counsel in the case before us candidly acknowledged at oral argument that Ramos’s
use of different names should not have prevented authorities from discovering
the outstanding warrant. Counsel
speculated that a clerical error resulted in the notation that Ramos had failed
to appear, made at the time Ramos pleaded to, and was convicted of, the
III. Assertion of right to a speedy trial
It is undisputed that prior to
December 6, 2005, Ramos never appeared on the 2000 charge and therefore never
asserted a right to a speedy trial.
Failure to assert the right “make[s] it difficult for a defendant to
prove that he was denied a speedy trial.”
State v. Huddock, 408 N.W.2d
218, 221 (
Ramos relies on a statement in Sistrunk that the fact that Sistrunk had
not made a demand for a speedy trial could not be weighed against him because
he was not informed of the indictment and no detainer was placed on him. 429 N.W.2d at 282-83. But Ramos received the 2000 charge and knew
the date of his first scheduled appearance in court; therefore, the failure to
appear and demand a speedy trial weighs heavily against Ramos. See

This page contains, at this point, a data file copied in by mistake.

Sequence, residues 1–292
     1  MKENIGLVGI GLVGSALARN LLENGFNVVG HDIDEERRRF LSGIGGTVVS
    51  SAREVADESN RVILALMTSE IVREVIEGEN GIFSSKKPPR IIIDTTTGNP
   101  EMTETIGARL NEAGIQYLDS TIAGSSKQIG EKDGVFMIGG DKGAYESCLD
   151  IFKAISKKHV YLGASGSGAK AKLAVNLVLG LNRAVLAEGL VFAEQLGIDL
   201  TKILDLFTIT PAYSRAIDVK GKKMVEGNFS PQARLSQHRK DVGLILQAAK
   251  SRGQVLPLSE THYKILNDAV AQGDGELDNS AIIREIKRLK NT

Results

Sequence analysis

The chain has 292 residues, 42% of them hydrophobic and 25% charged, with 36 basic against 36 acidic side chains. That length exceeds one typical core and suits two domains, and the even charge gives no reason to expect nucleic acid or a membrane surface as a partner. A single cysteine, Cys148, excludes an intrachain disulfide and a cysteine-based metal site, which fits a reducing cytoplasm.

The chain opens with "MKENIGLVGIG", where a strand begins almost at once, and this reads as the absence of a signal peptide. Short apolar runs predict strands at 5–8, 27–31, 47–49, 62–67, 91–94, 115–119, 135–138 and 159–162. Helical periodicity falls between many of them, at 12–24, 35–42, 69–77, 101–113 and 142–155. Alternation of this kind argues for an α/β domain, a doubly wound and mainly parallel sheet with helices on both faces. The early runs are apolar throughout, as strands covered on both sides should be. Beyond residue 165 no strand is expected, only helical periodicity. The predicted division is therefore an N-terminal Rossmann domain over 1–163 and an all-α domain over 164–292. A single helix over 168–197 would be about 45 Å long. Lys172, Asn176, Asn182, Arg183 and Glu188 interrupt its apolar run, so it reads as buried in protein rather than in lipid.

IV. Prejudice to defendant from delay
To determine if Ramos has been
prejudiced by the delay, we examine three interests that the Supreme Court has
identified as “protected by the right to a speedy trial: (1) preventing
oppressive pretrial incarceration; (2) minimizing the anxiety and concern of
the accused; and (3) preventing the possibility that the defense will be
impaired.” Windish, 590 N.W.2d at 318
(citing Barker, 407
The Supreme Court has identified
impairment of defense as the most serious right protected.
Although the length of delay in this case is cause for inquiry, Ramos’s part in causing the delay and failure to demand a speedy resolution of the 2000 charge outweighs any presumed prejudice to his ability to now defend against the charge. The state has been equally prejudiced by the delay. We conclude that, under the totality of the circumstances, the district court erred by dismissing the 2000 charge for a violation of Ramos’s right to a speedy trial.